In 1921, the Tsaparang Dzongpen visited Nilang again. This time, he sent a letter to the Raja of Tehri requesting him to send an official to sort out the boundary issue; at that time, it was not yet considered a ‘dispute’; it was more a ‘difference of perceptions’ between neighbours. The Raja answered that the issue had to be raised through the Government of India as it involved a problem with two foreign governments.
During the next warm season, the Dzongpen visited Nilang again and collected a tax of Rs.1 from the local people of Nilang and Jadhang. He thus collected a total of Rs 300.
In 1924, it was finally proposed by British India to appoint a boundary Commission, but due to the poor communications and the fact that these areas could only be visited in summer, the Commission could meet only in the summer of 1926.
The Acton Commission
On June 12, 1926, TJC Acton, an officer of the Indian Civil Service who had been nominated as the British representative, met the Tibetan officials near the Gumgum nala. The Tibetan representatives were Pishi Sunam Kunga, Postmaster General of Tibet and the Dzongpen of the Shekhar, the district near Mount Everest. They met near the small bridge over the nala.
Though the Tibetan representatives had no authority to negotiate any sort of compromise, they had received strict instructions from Lhasa to go to the Gumgum nala and claim the bridge as the frontier of Tibet.
Later Acton wrote in his Report: “I had tea with them and talked the matter over, and offered to go back with them the next day to the Gumgum nala and see the place claimed as the frontier. I did this”.
The Tibetans claimed that the Tehri people had removed their boundary marks after they returned to Tibet. The two parties inspected an inscription in red paint on a cliff face, as well as some marks of an obliterated inscription (also in red paint), and a roughly rectangular crevice (about 9 inches by 6 inches) in the rock. One of the Tibetan witnesses affirmed that it had contained the base of a boundary pillar. However there was no trace of the pillar.
Action explains: “The existing inscription on the cliff was ‘Om na ma si dhang’ in Hindi over a hieroglyphic in the form of a seven‐pointed star”. The British Commissioner commented that this could be an invocation to a deity, ‘it is commonly used by the people of these hills’.
Both inscriptions on the rock were exposed to the weather conditions; “it could not have lasted for more than a few years”, thought the British representative, who added: “Scratches on the four corners of the crevice in the rock seemed to show that a stone had been inserted in the crevice, but there was no sign of the stone and the place was in the middle of the path leading to the bridge and a small stone in such a position could not have been an ancient boundary pillar.”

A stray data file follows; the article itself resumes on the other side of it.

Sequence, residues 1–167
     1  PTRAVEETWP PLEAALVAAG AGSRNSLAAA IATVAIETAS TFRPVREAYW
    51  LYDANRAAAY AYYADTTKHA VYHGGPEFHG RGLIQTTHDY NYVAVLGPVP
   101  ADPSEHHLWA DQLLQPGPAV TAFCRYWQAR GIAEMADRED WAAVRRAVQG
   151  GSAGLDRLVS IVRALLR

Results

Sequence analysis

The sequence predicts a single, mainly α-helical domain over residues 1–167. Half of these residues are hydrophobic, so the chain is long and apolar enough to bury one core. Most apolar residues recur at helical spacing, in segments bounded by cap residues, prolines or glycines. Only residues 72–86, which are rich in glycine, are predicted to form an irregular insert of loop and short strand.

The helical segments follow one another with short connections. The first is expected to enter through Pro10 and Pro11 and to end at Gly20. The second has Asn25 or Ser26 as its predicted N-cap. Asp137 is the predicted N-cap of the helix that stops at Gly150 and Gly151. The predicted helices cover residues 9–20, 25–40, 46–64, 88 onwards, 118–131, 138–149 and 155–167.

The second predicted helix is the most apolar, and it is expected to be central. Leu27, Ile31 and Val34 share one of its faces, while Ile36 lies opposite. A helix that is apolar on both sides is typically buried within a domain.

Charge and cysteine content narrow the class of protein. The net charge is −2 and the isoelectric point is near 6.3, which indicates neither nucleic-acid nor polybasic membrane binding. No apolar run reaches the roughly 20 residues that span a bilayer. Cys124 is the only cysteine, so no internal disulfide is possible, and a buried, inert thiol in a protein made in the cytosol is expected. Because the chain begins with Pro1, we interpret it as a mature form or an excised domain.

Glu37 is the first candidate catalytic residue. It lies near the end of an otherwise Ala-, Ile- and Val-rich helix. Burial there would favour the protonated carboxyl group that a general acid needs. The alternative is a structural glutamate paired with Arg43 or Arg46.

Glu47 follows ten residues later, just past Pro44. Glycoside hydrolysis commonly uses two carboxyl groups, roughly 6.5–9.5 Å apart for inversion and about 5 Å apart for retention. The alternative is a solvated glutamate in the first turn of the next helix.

Acton thought that it was probable that a stone had been fixed during the Dzongpen’s visit in 1914, it was then claimed as the boundary, while the obliterated inscription dated from a year before Acton’s visit, when a junior Tibetan official of Tsaparang district came from Tibet. The Rupen (Junior Commissioner) affirmed that he saw the pillar at that time.
The British Commissioner commented: “Their attitude, I think, was that His Highness [His Holiness] the Dalai Lama had said that the boundary was the Gumgum nala, and that any criticism of that decree would be a dangerous form of blasphemy.”
Acton returned to Lamathatha (31.4 North and 79.1 East) the same day, and on June 14, he went on to Nilang. The Tibetans joined him on June 15.
To continue reading the paper, click here.
Here are some conclusions
The dispute is interesting at several levels.
First, the dispute is typical of a border dispute in the Himalaya for the simple reasons that a number of areas/places belonged to two separate worlds, the Tibetan and the Indian. Though the facts such ethnicity, customs, etc. tend to prove that the villagers of Nilang and Jadhang were Bhotias. For centuries, they moved freely fro and to Tibet; the trade was still unhindered.
Another observation is that during the time of our main study, Tibet was then an independent state dealing with another independent State (Great British) as an equal without referring to the Chinese government. During this period, there was not even a Chinese representative in Lhasa; the Nationalist Government probably never got informed of the ‘dispute’ and the subsequent talks between Lhasa and Delhi.
For the Tibetan government, Nilang was a question of prestige, mostly because the Dalai Lama had stated that the Gumgum bridge was the border. There was therefore no question of compromising on this issue.